• In one or more embodiments, information associated with a user's lifetime value is based on digitally verifiable information. As used herein, the term “digitally verifiable information,” refers to user information that is capable of validation by a party other than the user. For example, digitally verifiable information includes user information validated by a third-party provider, as opposed to information manually entered by a user. For example, a third-party provider validates a user's product purchase on the third-party provider system. In this manner, when the digital verification system performs a verification request, the digital verification system can digitally prove that the result of the verification request is based on true and accurate records, rather than data fabricated by a user.
  • Furthermore, based upon receiving digitally verifiable information, the digital verification system appends a “transaction record” to a user's lifetime value blockchain. As used herein, a “transaction record” is a portion of data that represents any type of user interaction or activity with a third-party provider system, and a “lifetime value blockchain” (or simply “blockchain”) is a data chain that links transaction records associated with a user. A user can have multiple lifetime value blockchains that link different types of transaction records (e.g., defined types of user information). For example, a user may have a lifetime value blockchain for each organizational category listed above (e.g., data type, third-party provider, product category, time, location, profile data, etc.). For example, a lifetime value blockchain includes a user's product purchases from third-party providers, and the digital verification system accesses the lifetime value blockchain to calculate a user's lifetime value as the sum total of the purchases.
  • Returning to FIG. 1, the dotted line surrounding the LTV verification interface 112 and the secure database 114 indicates that in the illustrated embodiment, the digital verification system 102 encompasses both the LTV verification interface 112 and the secure database 114. In other embodiments, the secure database 114 is separate from the LTV verification interface 112 (e.g., additional API and security may exist between the LTV verification interface 112 and the secure database 114. Further, the digital verification system 102 can operate on one or more computing devices, such as one or more server devices, which are described in detail below with respect to FIG. 12.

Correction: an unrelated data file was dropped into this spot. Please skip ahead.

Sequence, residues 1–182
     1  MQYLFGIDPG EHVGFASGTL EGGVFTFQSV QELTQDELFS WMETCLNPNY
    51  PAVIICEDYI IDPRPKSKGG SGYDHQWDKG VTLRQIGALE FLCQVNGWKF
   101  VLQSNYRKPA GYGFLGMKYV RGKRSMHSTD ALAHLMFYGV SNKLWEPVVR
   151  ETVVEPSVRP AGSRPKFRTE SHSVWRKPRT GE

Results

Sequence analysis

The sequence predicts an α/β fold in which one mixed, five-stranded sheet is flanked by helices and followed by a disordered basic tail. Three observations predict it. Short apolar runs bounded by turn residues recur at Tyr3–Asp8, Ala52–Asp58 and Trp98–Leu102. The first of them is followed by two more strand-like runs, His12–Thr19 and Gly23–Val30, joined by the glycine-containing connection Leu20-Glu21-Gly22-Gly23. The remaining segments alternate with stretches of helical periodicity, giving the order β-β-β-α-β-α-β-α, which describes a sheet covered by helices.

• FIG. 1 further illustrates that the client device 104 includes a third-party provider application 118 that offers a lifetime value offer 120 (or simply “LTV offer 120”). In one or more embodiments, the third-party provider application 118 is associated with the third-party provider system 108. For example, the third-party provider application 118 is a mobile or desktop application on the client device 104 associated with third-party provider system 108. In some embodiments, the third-party provider application 118 is an internet-browser that provides access to third-party provider system 108 (e.g., a third-party provider website).
  • The client device also includes a lifetime value application 122 (or simply “LTV app 122”), as shown in FIG. 1. The LTV app 122 is associated with the digital verification system 102. For example, the LTV app 122 communicates with the LTV verification interface 112 when verifying user information. The LTV app 122 includes a user security token 124, such as a key, password, passphrase, pseudo-random output, or a combination thereof. The LTV app 122 uses the user security token 124 to encode verification requests from the third-party provider application 118 based on the user 106 authorizing the verification request. In general, only a user's client device (and the secure database 114) stores the user security token 124. In this manner, in one or more embodiments, a third-party provider cannot circumvent user authorization or otherwise obtain information without a user's consent because the LTV verification interface authorizes each verification request based on obtaining the user security token 124.
  • A briefly mentioned above, the environment 100 includes a user 106 (e.g., consumer). In some embodiments, the user 106 uses the client device 104 to browse products via the third-party provider application 118 and authorize verification requests via the LTV app 122. While browsing products on the third-party provider application 118, the third-party provider may present an LTV offer 120 to the user via the client device 104. In one or more examples, the LTV offer 120 indicates what user information the third-party provider would like to receive and a discount or promotion the third-party provider offers in return for the user sharing the desired information. Examples of lifetime value offers are shown in FIG. 2, as will be discussed further below.